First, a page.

top of page
  • Writer's pictureMarie Katherine

Year-Round Gardening Calendar

Updated: Jun 8, 2023

This post contains affiliate links. If you use these links to buy something we may earn a commission. Thank you.


Many people think that gardening is just a spring and summer activity! It can be if you have a small plot that you just grow a few plants in for fun. However, if your goals, like mine, are to grow a significant amount of your food for the year, it takes year-round planning and work! It can be overwhelming, so I’ve simplified it for you here for free!


I live in West, TN, in growing zone 7b. The gardening calendar is based on my own growing zone. Please adjust the calendar to your growing zone.



January:


Let your beds rest after the growing and harvest season. If you haven't already, finalize your growing plans for the spring and summer. Get a scrap of paper and write down what you're going to plant and when. Are you rotating any crops mid-season? Write it out.


Time to order seeds! Take a look at your seed collection and see what will still be good for next year and what you will need to order more of. If you order online, many nurseries sell out early, so you'll want to get your order in while they still have what you want.


If you’re planning to preserve foods for the year from your garden, take inventory of what you have and what you need. I usually end up needing more baskets, jars, or maybe even some kitchen equipment like a dehydrator or canning pot. I would recommend making a list, and start looking in thrift stores for these items, before buying them new. Need some tips? See my list here of things homesteaders should thrift for.


January is usually a mild month in West Tennessee. Sure, it's cold, but the ground does not freeze for long periods of time, and we usually get a few days of warm weather! If you live in a similar climate, January is actually a great time to be building garden infrastructure! Because it's not a growing season, this is a great time to rearrange, and/or build something new. For example, this last January, we build a garden gate and garden fence!


February:


Spring is right around the corner. Hopefully, your seeds have arrived in the mail. Get the grow light and heat pad out and start some seeds! I always start more than I know I’ll need because inevitably, I’ll lose some in the hardening-off process and the transplanting.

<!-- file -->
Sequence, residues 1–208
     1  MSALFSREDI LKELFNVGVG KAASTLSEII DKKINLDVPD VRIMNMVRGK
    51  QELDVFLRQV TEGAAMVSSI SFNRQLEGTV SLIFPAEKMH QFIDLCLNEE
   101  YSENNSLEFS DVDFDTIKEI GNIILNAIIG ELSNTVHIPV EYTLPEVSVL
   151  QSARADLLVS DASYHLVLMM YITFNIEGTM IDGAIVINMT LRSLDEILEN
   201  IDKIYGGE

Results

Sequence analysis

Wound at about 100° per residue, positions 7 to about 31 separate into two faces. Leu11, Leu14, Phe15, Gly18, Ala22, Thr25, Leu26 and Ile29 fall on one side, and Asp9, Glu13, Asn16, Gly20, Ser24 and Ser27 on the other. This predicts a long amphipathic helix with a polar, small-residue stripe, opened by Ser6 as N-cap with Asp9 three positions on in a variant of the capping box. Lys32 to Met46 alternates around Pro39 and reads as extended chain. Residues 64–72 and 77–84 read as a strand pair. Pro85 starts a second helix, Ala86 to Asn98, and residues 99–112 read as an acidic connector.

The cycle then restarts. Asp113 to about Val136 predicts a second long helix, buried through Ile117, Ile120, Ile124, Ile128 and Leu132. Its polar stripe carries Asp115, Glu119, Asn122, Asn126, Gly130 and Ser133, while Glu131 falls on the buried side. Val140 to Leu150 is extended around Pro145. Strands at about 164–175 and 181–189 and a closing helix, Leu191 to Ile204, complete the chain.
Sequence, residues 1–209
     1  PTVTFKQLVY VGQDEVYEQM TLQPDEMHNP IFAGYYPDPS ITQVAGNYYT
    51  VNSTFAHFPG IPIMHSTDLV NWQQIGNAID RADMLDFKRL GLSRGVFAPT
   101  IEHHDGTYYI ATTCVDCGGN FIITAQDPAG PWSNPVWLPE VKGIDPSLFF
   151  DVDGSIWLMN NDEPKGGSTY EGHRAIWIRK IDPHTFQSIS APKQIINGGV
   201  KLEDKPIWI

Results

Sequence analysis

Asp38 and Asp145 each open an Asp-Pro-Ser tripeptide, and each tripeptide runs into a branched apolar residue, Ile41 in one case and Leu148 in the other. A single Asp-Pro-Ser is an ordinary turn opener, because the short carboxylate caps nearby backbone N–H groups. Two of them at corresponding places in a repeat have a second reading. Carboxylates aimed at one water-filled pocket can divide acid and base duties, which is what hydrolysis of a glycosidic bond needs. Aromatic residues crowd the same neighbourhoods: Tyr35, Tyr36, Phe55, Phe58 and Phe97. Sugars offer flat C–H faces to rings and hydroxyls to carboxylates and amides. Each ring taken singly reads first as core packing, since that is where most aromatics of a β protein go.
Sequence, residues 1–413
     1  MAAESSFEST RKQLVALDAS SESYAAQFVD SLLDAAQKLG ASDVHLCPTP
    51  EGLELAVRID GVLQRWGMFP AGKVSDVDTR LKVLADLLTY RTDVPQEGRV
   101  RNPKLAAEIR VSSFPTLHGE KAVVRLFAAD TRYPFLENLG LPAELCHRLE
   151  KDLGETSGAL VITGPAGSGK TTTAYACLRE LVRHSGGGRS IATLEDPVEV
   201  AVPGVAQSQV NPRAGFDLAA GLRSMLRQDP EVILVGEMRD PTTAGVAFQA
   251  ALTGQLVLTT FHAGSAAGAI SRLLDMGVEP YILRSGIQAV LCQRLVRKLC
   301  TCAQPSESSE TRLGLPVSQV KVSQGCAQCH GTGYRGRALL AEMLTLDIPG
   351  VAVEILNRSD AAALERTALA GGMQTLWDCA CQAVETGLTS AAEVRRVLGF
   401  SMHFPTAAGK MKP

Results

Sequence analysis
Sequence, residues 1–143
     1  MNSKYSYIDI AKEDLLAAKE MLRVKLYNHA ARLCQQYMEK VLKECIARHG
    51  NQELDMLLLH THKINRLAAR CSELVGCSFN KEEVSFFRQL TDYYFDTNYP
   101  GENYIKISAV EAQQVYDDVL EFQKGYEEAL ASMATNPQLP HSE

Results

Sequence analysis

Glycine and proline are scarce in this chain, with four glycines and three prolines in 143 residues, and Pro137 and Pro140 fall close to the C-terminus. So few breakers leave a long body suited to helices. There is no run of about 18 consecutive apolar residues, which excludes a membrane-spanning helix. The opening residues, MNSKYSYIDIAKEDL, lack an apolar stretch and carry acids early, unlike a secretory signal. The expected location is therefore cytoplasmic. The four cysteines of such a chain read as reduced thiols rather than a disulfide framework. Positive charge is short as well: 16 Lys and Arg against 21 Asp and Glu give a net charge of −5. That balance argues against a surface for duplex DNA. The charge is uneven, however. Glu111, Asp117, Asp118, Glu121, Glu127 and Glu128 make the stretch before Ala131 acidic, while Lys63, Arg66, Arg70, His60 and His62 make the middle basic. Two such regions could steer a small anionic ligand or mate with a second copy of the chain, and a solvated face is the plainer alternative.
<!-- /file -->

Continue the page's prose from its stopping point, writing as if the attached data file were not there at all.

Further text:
If you plan to grow potatoes, start sourcing those at the grocery store, and let them spout in your kitchen window.


Want to know other plants you can source at the grocery store? See my post here!


March:



Hopefully, you’ll start getting a few warm days. Get outside and start cleaning up your beds! Usually, this is my busiest season outside. Clean out existing beds of any weeds or debris.


Begin hardening off your starts as the weather permits. This is simply the process of placing your seed trays outside so they are not shocked and die when transplanted later.



Take a look at your soil. Did your crops struggle the previous year for no apparent reason? It's likely because of poor soil quality. Read my post here for how to amend poor soil.


April:


April is the big month! After the threat of frost passes, plant your summer garden! Put all the starts and anything from the seed you want to plant. Make sure to water them generously! Step out in the garden every day to make sure young plants aren’t drying out.



May:


Time to rotate out some of those crops. If you planted any spinach, kale, snow peas, or broccoli, it’s probably getting too hot for these plants, and they are wilting or getting eaten up by pests. If you still have spinach or kale alive and healthy, go ahead and harvest all of that and freeze it for smoothies or soups for later! In the new empty bed space, throw in some more potatoes or an experimental crop that you’ve never grown before.


June:


It’s probably time for a few harvests! Be diligent about getting in the garden every few days and checking for veggies that are ready for harvest.


If you like to can and preserve in bulk, wash and freeze your harvests until you get enough and/or enough time to properly process them.


Keep an eye on the weeds and pests as well as they’ll start creeping in and trying to take over your garden. I usually begin my battle with hornworms and stink bugs during this month. If I miss a few days in a row of de-bugging a garden bed, they will quickly overtake my plants!


July:


This month the harvests and preservation usually ramp up! Pests and weeds can also easily take over during this time if the garden is left unattended for too long. Be diligent about pulling weeds when they’re young so that they don’t go to seed.


If you’re choosing to succession plant any crops, like potatoes, you might have time to get one more harvest in before the end of the season!